The story really got interesting, for me, when I glanced at some of the criticism included in the Norton edition of Ethan Frome that I had borrowed from the library. It alerted me to the importance of the frame narrative. In my first reading, I had taken Ethan’s narrative as simple fact, but one critic, Cynthia Griffen Wolff, points out how Ethan’s tale may not actually be true. The frame narrative does not condone the narrator’s interpretation, so that what we read is only his “vision of the story” (12). In hindsight, I had totally missed this kind of narrative complexity. I found myself mulling over the events of the story and wondering why the narrator feels compelled to read Frome’s tragedy as a grand tragedy. From this vantage point, the novella is much more interesting.

At the same time, the frame narrative is not enough to make this a great read. It is clear to me that narratives of tragic love are not my thing. They do not interest me as they often have very flat characters and narrative arcs. Ethan always felt like a beaten-down man who has no luck, Zenobia feels like a controlling wife, and Mattie comes across as a naive dolt. At the least, reading this novella reminded me that romances are really not my thing.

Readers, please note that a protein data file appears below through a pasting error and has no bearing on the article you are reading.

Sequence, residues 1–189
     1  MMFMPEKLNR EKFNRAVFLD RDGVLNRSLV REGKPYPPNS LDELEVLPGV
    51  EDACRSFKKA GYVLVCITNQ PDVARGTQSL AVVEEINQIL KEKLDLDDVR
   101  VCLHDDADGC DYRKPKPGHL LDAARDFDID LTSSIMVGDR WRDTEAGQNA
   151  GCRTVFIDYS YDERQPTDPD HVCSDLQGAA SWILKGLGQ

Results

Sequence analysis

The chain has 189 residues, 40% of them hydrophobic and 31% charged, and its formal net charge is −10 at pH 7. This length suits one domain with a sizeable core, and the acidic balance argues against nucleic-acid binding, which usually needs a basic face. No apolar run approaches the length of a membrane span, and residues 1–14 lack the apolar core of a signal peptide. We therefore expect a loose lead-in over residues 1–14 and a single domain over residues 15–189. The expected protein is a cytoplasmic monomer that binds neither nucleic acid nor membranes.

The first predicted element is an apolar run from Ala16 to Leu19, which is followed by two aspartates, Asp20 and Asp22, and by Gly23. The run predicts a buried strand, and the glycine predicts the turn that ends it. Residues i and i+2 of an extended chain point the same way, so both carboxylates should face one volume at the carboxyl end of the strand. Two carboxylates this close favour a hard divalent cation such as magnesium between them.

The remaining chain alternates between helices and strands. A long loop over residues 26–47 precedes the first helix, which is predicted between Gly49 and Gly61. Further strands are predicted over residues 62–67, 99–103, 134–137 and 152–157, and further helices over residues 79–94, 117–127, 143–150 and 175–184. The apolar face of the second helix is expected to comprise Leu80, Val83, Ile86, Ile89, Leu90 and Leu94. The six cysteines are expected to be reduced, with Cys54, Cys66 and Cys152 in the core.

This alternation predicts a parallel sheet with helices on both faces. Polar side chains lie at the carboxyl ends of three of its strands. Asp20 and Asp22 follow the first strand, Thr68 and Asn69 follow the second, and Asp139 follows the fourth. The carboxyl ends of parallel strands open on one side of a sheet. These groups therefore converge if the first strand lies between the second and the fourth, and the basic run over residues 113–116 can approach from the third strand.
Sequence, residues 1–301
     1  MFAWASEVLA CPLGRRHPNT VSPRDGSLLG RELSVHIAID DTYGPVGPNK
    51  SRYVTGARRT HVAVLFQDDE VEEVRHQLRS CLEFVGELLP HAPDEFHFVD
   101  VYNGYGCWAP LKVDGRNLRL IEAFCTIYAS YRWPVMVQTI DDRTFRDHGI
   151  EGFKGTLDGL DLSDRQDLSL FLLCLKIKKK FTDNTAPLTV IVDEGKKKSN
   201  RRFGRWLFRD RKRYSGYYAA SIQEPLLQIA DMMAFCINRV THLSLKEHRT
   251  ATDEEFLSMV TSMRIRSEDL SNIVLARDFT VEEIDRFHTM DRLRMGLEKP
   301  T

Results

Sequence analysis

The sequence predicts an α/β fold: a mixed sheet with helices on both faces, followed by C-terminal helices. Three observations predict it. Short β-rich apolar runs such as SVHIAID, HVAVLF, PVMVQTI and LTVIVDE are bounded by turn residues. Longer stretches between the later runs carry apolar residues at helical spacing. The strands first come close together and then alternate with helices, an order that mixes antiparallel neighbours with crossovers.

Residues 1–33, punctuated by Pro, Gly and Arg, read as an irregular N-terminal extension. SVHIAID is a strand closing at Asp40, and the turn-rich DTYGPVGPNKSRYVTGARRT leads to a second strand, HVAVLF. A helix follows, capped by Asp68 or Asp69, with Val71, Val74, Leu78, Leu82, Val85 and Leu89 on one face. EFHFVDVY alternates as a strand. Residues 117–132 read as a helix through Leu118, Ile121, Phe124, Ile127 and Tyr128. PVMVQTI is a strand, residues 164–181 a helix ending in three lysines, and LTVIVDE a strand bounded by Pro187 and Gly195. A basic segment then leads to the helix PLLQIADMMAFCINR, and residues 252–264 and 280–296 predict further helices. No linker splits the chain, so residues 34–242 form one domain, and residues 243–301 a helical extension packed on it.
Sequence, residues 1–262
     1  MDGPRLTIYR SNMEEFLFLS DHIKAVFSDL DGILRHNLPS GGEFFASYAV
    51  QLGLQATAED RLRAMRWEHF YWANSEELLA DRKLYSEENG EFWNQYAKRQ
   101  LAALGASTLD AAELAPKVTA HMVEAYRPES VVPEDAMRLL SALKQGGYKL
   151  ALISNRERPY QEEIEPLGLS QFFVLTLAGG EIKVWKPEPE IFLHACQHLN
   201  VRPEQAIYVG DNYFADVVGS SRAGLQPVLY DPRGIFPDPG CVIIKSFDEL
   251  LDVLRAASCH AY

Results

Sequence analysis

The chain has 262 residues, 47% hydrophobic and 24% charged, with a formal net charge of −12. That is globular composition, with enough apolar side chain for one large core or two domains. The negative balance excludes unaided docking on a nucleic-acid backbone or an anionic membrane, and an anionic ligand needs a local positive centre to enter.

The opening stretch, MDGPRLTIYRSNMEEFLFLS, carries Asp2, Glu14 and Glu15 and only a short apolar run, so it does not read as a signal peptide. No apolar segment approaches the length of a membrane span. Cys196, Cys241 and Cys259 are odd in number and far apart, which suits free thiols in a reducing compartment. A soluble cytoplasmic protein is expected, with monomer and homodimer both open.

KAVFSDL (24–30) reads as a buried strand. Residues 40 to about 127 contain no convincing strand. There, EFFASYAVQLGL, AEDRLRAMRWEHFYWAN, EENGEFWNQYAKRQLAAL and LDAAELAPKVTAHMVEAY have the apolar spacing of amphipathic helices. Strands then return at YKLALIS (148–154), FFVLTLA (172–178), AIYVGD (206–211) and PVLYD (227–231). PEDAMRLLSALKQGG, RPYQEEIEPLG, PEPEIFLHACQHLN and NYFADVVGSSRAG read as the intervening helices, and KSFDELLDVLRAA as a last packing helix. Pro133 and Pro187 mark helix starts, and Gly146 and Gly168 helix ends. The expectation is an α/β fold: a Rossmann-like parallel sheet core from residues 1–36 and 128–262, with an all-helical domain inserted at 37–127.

I would not recommend this novella to readers. It felt dated and somewhat tired. I have read narratives like this before (no fault of Wharton’s to be sure). Perhaps if you enjoyed Victorian literature, you might enjoy this. No guarantees though.

Wharton, Edith. Ethan Frome. 1911. Eds. Kristin O. Lauer and Cynthia Griffin Wolff. New York: W.W. Norton & Company, 1995. Print.